"Healthy distance protects us from false intimacy. It protects us from the illusion that we actually have relationships with people we've never met or with places we've never been. False intimacy is one of the great temptations of an age that prides itself on technology that eliminates distance. It is also one of the great dangers of mission." Kris Rocke, Center for Transforming Mission.
False intimacy. In an era of "meaningful relationships" morphing into virtual relationships, I was struck by Rocke's comment. Relationship is so close to the heart of the Gospel and so close to the heart of the process of becoming like Jesus. God chooses to have a relationship with us, and thus to work in and through us. And it's becoming more and more clear to me that when we desire to be helpful, or show compassion, or bring about change in someone's life, we need to do that in relationship, not in a vacuum.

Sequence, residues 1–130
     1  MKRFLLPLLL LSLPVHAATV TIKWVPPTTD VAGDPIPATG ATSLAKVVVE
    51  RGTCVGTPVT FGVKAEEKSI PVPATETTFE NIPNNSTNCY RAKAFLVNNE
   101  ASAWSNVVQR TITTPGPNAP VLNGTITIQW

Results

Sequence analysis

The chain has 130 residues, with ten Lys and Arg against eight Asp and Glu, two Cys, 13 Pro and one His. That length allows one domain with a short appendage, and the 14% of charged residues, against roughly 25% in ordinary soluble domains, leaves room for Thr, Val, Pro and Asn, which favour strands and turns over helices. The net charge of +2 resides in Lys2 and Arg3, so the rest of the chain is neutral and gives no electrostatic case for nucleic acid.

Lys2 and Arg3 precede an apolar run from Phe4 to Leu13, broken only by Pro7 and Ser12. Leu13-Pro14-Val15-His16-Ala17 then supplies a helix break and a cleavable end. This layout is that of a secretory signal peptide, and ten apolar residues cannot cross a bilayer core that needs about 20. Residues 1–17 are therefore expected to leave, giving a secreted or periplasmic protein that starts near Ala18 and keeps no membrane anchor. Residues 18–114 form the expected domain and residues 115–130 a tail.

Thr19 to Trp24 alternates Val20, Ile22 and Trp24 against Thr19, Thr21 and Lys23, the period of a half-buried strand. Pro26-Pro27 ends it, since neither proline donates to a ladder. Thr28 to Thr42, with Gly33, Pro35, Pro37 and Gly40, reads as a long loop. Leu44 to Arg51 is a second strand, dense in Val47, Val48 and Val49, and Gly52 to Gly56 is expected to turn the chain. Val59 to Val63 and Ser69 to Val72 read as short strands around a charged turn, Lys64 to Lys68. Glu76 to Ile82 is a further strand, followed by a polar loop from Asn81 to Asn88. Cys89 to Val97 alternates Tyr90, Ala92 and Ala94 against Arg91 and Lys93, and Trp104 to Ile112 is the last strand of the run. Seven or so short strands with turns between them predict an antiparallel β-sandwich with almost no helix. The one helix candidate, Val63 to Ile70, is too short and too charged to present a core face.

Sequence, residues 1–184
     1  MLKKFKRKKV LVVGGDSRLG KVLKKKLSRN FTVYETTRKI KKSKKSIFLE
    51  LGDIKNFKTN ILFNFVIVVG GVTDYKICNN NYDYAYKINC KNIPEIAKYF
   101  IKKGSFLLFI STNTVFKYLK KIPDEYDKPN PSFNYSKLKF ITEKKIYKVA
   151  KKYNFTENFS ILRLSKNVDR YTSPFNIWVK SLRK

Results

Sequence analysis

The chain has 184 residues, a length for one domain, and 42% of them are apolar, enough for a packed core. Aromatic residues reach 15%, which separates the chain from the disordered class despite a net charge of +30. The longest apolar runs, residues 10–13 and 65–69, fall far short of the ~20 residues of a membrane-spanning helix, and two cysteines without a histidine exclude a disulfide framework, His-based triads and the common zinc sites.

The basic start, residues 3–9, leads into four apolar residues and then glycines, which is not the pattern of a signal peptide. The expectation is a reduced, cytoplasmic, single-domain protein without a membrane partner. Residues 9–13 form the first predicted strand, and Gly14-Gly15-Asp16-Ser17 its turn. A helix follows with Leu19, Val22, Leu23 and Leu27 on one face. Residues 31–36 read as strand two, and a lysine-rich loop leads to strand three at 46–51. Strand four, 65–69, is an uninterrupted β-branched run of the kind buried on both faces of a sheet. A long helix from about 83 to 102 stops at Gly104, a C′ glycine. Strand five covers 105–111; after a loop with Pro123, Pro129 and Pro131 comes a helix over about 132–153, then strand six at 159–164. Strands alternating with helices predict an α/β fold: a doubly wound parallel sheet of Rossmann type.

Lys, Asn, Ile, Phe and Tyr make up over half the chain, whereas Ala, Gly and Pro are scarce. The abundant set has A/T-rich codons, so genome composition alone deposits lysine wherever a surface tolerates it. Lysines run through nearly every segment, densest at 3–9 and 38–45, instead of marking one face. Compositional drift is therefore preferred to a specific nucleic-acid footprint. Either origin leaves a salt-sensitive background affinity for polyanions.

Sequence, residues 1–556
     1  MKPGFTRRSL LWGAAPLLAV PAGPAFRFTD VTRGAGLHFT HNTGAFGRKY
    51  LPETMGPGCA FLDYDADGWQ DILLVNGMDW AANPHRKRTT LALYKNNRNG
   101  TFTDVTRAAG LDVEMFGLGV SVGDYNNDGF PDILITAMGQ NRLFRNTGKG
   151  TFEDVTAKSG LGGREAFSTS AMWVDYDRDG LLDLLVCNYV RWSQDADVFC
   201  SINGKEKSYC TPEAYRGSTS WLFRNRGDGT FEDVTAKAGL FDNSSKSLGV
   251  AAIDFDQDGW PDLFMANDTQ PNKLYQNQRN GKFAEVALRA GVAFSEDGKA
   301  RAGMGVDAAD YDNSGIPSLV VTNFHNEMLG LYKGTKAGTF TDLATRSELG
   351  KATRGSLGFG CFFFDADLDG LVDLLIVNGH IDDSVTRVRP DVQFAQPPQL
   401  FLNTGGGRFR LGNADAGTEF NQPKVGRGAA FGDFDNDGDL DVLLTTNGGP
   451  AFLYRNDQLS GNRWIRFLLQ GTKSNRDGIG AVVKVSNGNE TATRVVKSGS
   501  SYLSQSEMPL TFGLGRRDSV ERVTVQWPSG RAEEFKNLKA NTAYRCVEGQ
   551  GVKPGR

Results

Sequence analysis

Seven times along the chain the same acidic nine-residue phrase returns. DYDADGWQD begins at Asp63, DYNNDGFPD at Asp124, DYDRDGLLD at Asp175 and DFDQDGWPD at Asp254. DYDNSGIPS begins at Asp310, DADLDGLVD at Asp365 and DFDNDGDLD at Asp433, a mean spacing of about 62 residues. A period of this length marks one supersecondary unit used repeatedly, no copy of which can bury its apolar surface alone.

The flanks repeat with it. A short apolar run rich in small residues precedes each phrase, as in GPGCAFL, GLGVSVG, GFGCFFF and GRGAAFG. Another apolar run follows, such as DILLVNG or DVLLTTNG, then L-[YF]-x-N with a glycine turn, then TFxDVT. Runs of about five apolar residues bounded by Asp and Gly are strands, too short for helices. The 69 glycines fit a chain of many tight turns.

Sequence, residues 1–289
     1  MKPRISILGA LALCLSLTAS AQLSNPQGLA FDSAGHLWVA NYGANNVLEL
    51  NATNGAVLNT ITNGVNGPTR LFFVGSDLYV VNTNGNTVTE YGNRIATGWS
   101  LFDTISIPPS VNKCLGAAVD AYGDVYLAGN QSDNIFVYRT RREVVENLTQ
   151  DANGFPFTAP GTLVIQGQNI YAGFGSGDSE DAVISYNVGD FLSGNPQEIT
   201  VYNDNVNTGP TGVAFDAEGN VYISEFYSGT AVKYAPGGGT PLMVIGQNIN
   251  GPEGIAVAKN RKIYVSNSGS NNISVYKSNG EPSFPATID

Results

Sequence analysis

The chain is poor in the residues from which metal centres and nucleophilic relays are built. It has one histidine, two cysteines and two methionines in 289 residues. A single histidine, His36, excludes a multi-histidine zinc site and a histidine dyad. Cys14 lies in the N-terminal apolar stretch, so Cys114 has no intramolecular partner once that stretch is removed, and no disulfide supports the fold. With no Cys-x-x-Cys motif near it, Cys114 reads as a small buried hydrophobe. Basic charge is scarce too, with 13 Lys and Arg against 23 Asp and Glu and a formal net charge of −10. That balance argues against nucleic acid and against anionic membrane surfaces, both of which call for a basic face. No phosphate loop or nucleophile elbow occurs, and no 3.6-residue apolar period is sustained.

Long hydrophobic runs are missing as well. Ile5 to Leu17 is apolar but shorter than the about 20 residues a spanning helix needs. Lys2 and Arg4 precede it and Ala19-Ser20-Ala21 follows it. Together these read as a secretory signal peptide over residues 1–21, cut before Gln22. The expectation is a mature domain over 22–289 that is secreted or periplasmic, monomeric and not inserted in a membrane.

False intimacy with the poor is always a pitfall for those who want to reduce poverty. We can flaunt our relationships like a credential, or a validation of our commitment. We can pretend to have the right to "represent" or to speak for others. We can claim we are serving the poor when we are really serving our own interests. Friending on Facebook doesn't make a friend. Offering help to someone doesn't make a friend. False intimacy is one of the great dangers of mission. What kind of intimacy makes us true missionaries? In our families? In our neighborhoods? In our global outreach? What do you think?